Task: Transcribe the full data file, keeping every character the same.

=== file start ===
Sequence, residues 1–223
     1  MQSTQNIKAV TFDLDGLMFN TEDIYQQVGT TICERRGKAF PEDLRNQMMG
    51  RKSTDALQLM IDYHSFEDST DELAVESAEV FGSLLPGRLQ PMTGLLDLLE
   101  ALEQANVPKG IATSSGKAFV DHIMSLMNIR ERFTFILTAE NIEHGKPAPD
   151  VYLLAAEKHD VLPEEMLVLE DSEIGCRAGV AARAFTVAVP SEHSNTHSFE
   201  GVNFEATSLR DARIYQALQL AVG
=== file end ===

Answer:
Sequence, residues 1–223
     1  MQSTQNIKAV TFDLDGLMFN TEDIYQQVGT TICERRGKAF PEDLRNQMMG
    51  RKSTDALQLM IDYHSFEDST DELAVESAEV FGSLLPGRLQ PMTGLLDLLE
   101  ALEQANVPKG IATSSGKAFV DHIMSLMNIR ERFTFILTAE NIEHGKPAPD
   151  VYLLAAEKHD VLPEEMLVLE DSEIGCRAGV AARAFTVAVP SEHSNTHSFE
   201  GVNFEATSLR DARIYQALQL AVG